• ‘The World Trade Organisation will preside over a conference of most of the world's countries in Cancun, Mexico, this month.’
      • ‘This massive biography describes the rise to power of the last great English churchman to preside over the King's government.’
      • ‘The Labour government has presided over a widening of the gap between rich and poor.’
      • ‘He or she will preside over the government as chairperson of the cabinet and have the power to issue decrees.’
      • ‘‘I only wish farmers could be fully compensated for the incompetence, inefficiency and neglect of the Department over which Mrs Beckett presides,’ he said.’
      • ‘He remains the idol of the Russian armed forces today, and his portrait presides over most commanders' offices.’
      • ‘They were found to have presided over miscarriages of justice that led to wrongful imprisonments.’
      • ‘What does Rupert Lowe, the club chairman who presides over this delicate situation, make of it all?’
      • ‘He has sent us a copy of his letter to the union over which she presides.’
      • ‘He presides over an administration that is riven with ethnic, religious and regional rivalries.’
      • ‘The case will eventually be dealt with in the Crown Court, as the charges are too serious for magistrates to preside over.’
      • ‘For a long period the Christian Democrats did not lose control of the democratic process and of the governments presiding over it.’
      • ‘The image we see is of an aloof presidency, presiding over dysfunctional government agencies.’
      • ‘Almost half were in Texas and presided over by Bush, as governor, before he was elected to the White House.’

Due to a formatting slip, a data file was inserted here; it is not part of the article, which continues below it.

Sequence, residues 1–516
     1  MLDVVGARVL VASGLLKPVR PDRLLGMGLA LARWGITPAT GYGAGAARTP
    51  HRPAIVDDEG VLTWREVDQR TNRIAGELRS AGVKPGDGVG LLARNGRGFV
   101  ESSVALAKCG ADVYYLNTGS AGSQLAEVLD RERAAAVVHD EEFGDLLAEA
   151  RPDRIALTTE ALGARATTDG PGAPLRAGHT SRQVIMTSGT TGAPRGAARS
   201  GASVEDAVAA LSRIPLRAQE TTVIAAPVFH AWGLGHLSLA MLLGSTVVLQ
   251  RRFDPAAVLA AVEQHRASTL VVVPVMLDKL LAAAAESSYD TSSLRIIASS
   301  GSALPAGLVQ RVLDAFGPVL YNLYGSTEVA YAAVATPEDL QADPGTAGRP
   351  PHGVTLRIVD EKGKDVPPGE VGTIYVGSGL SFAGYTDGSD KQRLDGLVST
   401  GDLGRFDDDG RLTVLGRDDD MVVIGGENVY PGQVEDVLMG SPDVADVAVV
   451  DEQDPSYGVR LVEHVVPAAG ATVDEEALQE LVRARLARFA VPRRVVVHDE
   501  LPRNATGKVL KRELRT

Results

• ‘Yet, despite his shortcomings, he presides smugly over a programme in which young couples pit their attractiveness against that of their friends to win cash.’
      • ‘That is why they conducted inspections of all the villages they presided over.’
      • ‘His government had presided over rising unemployment and mass sackings.’
      • ‘She will preside as chair over the board of directors, executive committee and house of delegates.’
      be in charge of, be responsible for, be accountable for, be at the head of, be at the helm of, head, be head of, manage, administer, organize, be in control of, control, direct, lead, run, govern, rule, be boss of, head up, conduct, command, supervise, superintend, oversee, handle
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  • 2preside atPlay (a musical instrument, especially a keyboard instrument) at a public gathering.

    • ‘For many years, David Harris has been like an adopted son around our home and has presided at the piano on many occasions for us.’
    • ‘For 15 years he presided at the largest church organ in the world as Choirmaster and Organist of the Cadet Chapel at the U.S. Military Academy at West Point.’
    • ‘No longer was there a need for the composer to preside at the keyboard.’
    • ‘He will preside at the piano while the baritone Kenneth Holton handles the vocal chores.’

Origin

Early 17th century: from French présider, from Latin praesidere, from prae ‘before’ + sedere ‘sit’.

Pronunciation

preside

/prəˈzaɪd//prəˈzīd/